According to Jack Bernens, head of Enogen at Syngenta, this stewardship innovation will help reduce the chance of misdirecting Enogen grain. “Since the introduction of Enogen corn enzyme technology in 2011, Syngenta has voluntarily implemented comprehensive stewardship protocols to mitigate potential commercial concerns about Enogen corn affecting unintended processes,” Bernens says. “The Enogen Value Tracker offers growers a way to help make this simple, effective protocol even easier.”

Bernens adds that it’s important to note that the new tracker seed does not contain Enogen corn enzyme technology. Enogen seed bags containing the tracker will include a physical mixture of approximately 95 percent Enogen seed and 5 percent Enogen Value Tracker seed to aid quick and easy identification. The Enogen Value Tracker will appear as randomly dispersed purple plants across an Enogen field (inside the border rows) and will represent up to 5 percent of the plants in a given field. The grain produced from these purple plants will be comprised of both yellow and purple kernels to make for easy visual tracking of Enogen corn from harvest through storage and processing, helping to ensure this high value grain is delivered to its intended destination. The Enogen Value Tracker is part of an ongoing Syngenta commitment to providing Enogen corn enzyme technology to the market in a manner that offers benefits to growers, ethanol plants and biofuels production, while respecting the other uses of the corn crop.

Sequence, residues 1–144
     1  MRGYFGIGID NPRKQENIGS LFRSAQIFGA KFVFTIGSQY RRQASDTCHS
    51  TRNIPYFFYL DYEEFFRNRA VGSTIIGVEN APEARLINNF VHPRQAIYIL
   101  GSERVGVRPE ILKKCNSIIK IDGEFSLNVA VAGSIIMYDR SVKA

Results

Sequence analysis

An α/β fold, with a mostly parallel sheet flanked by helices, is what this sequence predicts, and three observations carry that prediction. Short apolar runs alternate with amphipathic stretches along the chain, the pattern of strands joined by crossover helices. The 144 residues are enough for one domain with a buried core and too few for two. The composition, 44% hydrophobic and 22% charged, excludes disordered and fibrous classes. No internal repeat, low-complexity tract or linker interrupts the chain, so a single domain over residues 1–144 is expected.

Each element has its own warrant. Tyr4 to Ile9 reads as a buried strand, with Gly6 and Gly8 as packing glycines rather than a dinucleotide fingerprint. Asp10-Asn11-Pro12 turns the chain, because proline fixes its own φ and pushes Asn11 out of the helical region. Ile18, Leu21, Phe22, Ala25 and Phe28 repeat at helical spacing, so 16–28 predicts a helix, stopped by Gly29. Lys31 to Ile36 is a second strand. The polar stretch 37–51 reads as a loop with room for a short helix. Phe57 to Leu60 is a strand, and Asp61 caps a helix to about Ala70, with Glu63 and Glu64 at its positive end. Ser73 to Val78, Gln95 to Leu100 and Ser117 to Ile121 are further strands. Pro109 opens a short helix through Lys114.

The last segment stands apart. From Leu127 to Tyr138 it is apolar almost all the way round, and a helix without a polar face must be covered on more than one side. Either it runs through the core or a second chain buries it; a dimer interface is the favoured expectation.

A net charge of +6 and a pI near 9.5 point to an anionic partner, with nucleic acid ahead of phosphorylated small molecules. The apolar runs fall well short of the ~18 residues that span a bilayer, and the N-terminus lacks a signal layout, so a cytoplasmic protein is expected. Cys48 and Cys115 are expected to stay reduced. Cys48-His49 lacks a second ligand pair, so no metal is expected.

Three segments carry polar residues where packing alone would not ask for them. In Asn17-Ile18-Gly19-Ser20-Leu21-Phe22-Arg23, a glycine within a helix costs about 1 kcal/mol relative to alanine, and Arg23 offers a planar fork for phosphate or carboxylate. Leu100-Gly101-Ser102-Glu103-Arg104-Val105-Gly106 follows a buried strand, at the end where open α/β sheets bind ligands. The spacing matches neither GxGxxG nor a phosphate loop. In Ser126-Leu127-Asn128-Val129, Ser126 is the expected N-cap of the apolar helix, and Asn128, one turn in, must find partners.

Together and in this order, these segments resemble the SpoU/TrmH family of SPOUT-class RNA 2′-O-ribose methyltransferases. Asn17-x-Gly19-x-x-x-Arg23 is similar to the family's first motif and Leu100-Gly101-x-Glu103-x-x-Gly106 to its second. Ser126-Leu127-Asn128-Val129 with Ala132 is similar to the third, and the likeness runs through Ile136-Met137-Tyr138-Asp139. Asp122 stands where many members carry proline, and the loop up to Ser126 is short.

According to Byrne, corn growers and ethanol plants will appreciate the Enogen Value Tracker and the opportunity to simplify the grain tracking it provides. “We have a very strong stewardship program in place,” he says. “The Enogen Value Tracker is another step to help ensure the integrity of the process. This new tool will give everyone comfort in helping to direct the correct grain to the correct system.”

Enhancing Grain Quality
Corn feedstock is the single biggest input cost for an ethanol plant, and ethanol yield per bushel is one of the biggest drivers of plant profitability. Higher grain quality means higher ethanol yield per bushel. Chris Tingle, head of Enogen marketing at Syngenta, says ethanol plants are increasingly seeking not just clean, dry corn, with little or no damage and foreign material, but also grain with quality characteristics that can help maximize ethanol production. “A growing demand for high quality feedstock is creating opportunities for plants and growers to work together to increase grain quality,” he says. “By supplying the quality grain that ethanol plants want—all year long—growers can maximize profitability while helping ethanol plants increase efficiency.”

To help ethanol plants gain access to higher, more consistent quality grain, Syngenta is working with Plymouth Energy and other producers to introduce the Ethanol Grain Quality Solution, a protocol designed to help increase corn yields and drive grain quality through insect control, early-season weed management, glyphosate weed resistance management and crop enhancement. The Ethanol Grain Quality Solution provides the ethanol plant and its growers more, high-quality grain, while improving grower return-on-investment. “Growers with a contract can receive an additional 10 cents per bushel premium above the current Enogen contract premium by following protocols outlined in the Ethanol Grain Quality Solution,” Tingle explains. “Plus, growers who do not have an Enogen contract, can receive 10 cents per bushel for any additional bushels of corn produced under the Ethanol Grain Quality Solution protocol, provided those bushels are delivered to the ethanol plant.”

Byrne notes that Plymouth buys approximately 80 percent of its grain directly from local farmers. “Over the past five years, the trend has definitely been from commercial elevator corn to farmer-sourced grain,” he says. “For the most part, farmer-sourced corn will always be more pure, particularly when you know your farmer. You’re getting a more consistent product and consistency is the name of the game in ethanol production.”